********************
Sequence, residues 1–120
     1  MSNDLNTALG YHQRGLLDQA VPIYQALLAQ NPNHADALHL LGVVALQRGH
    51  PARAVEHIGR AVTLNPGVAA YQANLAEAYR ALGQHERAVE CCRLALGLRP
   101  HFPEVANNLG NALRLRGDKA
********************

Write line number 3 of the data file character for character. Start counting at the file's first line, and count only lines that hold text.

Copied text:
    51  PARAVEHIGR AVTLNPGVAA YQANLAEAYR ALGQHERAVE CCRLALGLRP